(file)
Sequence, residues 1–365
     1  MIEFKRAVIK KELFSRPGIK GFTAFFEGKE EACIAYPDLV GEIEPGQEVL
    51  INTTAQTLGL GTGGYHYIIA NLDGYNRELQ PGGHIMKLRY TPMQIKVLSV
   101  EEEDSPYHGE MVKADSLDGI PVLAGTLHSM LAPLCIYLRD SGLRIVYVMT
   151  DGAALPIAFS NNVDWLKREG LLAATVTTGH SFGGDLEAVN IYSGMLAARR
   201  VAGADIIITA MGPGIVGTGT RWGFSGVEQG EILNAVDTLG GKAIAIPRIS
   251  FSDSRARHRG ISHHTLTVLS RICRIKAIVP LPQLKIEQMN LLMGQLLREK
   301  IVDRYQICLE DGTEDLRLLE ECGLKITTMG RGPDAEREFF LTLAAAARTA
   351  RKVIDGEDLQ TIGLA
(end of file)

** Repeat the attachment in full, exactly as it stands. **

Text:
Sequence, residues 1–365
     1  MIEFKRAVIK KELFSRPGIK GFTAFFEGKE EACIAYPDLV GEIEPGQEVL
    51  INTTAQTLGL GTGGYHYIIA NLDGYNRELQ PGGHIMKLRY TPMQIKVLSV
   101  EEEDSPYHGE MVKADSLDGI PVLAGTLHSM LAPLCIYLRD SGLRIVYVMT
   151  DGAALPIAFS NNVDWLKREG LLAATVTTGH SFGGDLEAVN IYSGMLAARR
   201  VAGADIIITA MGPGIVGTGT RWGFSGVEQG EILNAVDTLG GKAIAIPRIS
   251  FSDSRARHRG ISHHTLTVLS RICRIKAIVP LPQLKIEQMN LLMGQLLREK
   301  IVDRYQICLE DGTEDLRLLE ECGLKITTMG RGPDAEREFF LTLAAAARTA
   351  RKVIDGEDLQ TIGLA